• On May 9, 2019, FinCEN issued updated guidance and an advisory regarding how its regulations apply to convertible virtual currencies and certain activities that financial institutions should monitor in this space;
  • On May 24, 2019, FinCEN announced an Innovation Hours Program, which will provide financial technology and regulatory technology companies and financial institutions with opportunities to present their innovative products and services to FinCEN; and
  • FinCEN is increasing its engagement with the BSA Advisory Group, a group that meets twice a year to discuss regulatory expectations, emerging trends in illicit finance, and potential areas for AML/CFT innovation. The group consists of, among others, representatives of federal law enforcement and regulatory agencies, state government agencies, and self-regulatory organizations.

 What can credit unions do?

Based on what the Federal Financial Institutions Examination Council (FFIEC) advises its examiners to look for in its Core Examination Procedures, some things credit unions can do include, but are not limited to:

  • Review the credit union’s policies, procedures and processes to monitor, identify, research, and report suspicious activities;
  • Develop/strengthen risk models to adequately address the evolving breeds of terrorism and its financing methods;
  • Evaluate the effectiveness of any systems used by the credit union to identify unusual activity;
  • Determine whether such monitoring systems use reasonable filtering criteria, as well as how such systems fit into the credit union’s overall suspicious activity monitoring and reporting process;
  • Invest in new technologies or products in the market for enhancing transaction monitoring and detection of suspicious activity processes;
  • Update procedures for reviewing and evaluating the transaction activity of subjects included in law enforcement requests;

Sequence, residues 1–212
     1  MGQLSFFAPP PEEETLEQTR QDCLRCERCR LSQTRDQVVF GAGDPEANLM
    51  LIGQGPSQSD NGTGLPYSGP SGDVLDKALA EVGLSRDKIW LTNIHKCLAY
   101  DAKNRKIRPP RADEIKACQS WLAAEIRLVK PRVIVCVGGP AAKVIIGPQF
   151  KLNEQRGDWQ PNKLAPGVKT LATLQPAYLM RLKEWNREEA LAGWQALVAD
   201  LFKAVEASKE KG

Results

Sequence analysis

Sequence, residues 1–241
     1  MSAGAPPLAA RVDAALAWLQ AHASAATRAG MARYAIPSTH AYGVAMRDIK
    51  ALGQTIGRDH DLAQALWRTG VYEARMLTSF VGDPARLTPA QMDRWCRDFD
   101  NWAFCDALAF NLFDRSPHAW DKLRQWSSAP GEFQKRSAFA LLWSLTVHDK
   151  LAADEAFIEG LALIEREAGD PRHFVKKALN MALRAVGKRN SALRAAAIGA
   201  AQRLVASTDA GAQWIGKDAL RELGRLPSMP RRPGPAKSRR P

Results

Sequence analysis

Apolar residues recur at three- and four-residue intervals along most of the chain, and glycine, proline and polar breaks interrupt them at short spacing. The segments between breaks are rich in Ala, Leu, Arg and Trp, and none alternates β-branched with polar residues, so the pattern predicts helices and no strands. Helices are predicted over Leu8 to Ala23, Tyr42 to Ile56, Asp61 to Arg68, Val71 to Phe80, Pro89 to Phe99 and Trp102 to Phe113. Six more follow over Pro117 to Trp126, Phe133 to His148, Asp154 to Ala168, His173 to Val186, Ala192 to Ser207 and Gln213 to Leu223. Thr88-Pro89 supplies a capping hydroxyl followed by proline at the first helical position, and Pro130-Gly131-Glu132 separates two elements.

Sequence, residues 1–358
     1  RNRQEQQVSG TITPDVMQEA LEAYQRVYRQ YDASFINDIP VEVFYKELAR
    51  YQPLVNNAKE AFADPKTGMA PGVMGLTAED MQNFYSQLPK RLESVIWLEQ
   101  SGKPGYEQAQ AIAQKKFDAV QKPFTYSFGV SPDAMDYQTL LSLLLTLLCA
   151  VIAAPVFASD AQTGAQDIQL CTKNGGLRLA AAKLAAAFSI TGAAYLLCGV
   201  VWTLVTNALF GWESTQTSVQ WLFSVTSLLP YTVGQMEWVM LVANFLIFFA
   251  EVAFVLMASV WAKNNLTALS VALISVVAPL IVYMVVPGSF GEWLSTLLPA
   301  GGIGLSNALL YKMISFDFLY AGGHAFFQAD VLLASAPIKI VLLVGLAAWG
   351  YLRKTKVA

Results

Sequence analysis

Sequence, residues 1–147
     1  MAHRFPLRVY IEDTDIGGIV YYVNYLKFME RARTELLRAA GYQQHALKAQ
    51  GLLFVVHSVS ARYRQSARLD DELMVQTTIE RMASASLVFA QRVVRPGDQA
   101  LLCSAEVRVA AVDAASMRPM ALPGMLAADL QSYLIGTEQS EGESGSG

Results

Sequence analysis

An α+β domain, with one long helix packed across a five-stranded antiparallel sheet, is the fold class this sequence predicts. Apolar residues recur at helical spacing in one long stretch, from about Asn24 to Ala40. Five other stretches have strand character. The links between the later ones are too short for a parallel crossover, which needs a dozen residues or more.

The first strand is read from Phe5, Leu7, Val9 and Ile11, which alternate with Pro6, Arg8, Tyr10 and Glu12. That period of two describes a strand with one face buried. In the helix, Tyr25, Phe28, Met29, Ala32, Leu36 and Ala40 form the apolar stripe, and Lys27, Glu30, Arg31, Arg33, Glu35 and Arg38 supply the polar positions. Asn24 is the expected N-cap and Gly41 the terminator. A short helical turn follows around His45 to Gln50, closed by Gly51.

• Review the credit union’s transaction monitoring reports to determine whether they capture all areas that pose money laundering and terrorist financing risks. Determine whether the credit union has policies, procedures, and processes to ensure the timely generation of, review of, and response to these reports;
  • Identify any deficiencies in the monitoring systems and their underlying cause (e.g., inappropriate filters, insufficient risk assessment, or inadequate decision-making);
  • Verify that staffing levels are sufficient to review reports and alerts and investigate items, and that staff possess the requisite experience level and proper investigatory tools;
  • Conduct periodic training for all relevant staff on new trends and red flags, spotting at-risk behaviors, typologies of mass attacks such as credit card usage spikes, weapons purchases, etc.


Attend our upcoming compliance webinars to learn more about fiduciary accounts and unauthorized transactions

September 17: How to Handle Fiduciary Accounts – Trusts, Estates and Powers of Attorney

September 26: Unauthorized Transactions: The Keys to Compliance